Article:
The area we’re working in right now, which is emerging, is the Hudson Yards area. We were the first ones to do a large-scale project there, at 455 West 37th Street. And right next door we got, like, almost half a square block, and we built 835 apartments; and it’s still an emerging area. There are several projects that were started in the area that stopped. But we continued building ours, and we’ve leased them up.
When you and your brother Thomas broke off from Rockrose, you flipped a coin to decide how your assets would be divided. If you had won that toss, which you did not, would anything be significantly different for TF Cornerstone right now?
No. I think from the personnel point of view, Tom and I were the development team. So I think all of the development people would have come to us even if we didn’t have the development properties. The only thing that could have been different, and I don’t know if it would’ve been, is that all of the office buildings were basically in one pile. Henry won the coin toss and he did not pick that pile. If he had picked that pile, we wouldn’t have had any office buildings. So that may have made a difference.
Do you think Henry was showing mercy?
You’d have to ask him.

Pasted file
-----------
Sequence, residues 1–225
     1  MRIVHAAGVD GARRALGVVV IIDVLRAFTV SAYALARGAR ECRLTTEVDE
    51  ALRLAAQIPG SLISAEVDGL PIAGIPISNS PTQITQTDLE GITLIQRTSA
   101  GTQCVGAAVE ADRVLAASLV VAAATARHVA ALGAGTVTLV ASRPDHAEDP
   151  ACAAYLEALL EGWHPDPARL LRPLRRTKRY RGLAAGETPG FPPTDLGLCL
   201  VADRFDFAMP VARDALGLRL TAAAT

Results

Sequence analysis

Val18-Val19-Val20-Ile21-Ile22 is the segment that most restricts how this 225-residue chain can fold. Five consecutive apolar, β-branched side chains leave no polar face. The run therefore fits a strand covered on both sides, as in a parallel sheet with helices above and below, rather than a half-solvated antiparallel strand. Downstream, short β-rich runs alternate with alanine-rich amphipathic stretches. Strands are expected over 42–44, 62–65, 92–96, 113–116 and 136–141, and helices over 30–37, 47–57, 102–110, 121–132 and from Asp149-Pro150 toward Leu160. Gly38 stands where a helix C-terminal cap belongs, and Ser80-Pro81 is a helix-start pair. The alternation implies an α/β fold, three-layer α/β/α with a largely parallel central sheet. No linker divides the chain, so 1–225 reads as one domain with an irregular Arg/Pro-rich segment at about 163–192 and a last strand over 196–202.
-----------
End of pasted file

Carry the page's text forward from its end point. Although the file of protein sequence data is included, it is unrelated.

Charles Bagli of The New York Times described you in an article last year as ‘the quiet one’ of your four brothers. Do you agree with that assessment?
I actually joked with him later on about that. I sent him an email, and on the subject line I wrote, ‘It’s from the quiet one.’ And we have a little joke now. He calls me the quiet one. Tom is probably more vocal than me, so in comparison I am the quiet one.
So you’re the George Harrison of the group?
Right. Originally, they kept me in the closet because I was the construction person. Construction was always sort of a dirty, nasty business. But the way I got into the construction business is that when I first started, in 1970, we had hired a general contractor to do a brownstone renovation over on 140 West 74th Street. We were combining three brownstones into one building. The contractor went bust. My brothers and I got together and they said, ‘Look, Fred, you went to engineering school. You must know how to build buildings. You do it.’
So I rolled up my sleeves even though I really knew nothing about construction and I continued using the personnel that were working on the job–the laborers, the masons–and we did all the trades ourselves–everything except the plumbing, electrical and roofing. But we did cement, we did all the carpentry, we laid bricks. And that’s how I learned the construction business.
I was doing exclusively construction since 1970 until the breakup. After the breakup, when we got the office buildings–we have now 11 buildings–I took over the office leasing and retail leasing departments, and I’ve been jumping into that. It’s been preventing me from going into the field as much as I used to go. I’m much more busy, but I miss construction. To me, that’s my passion.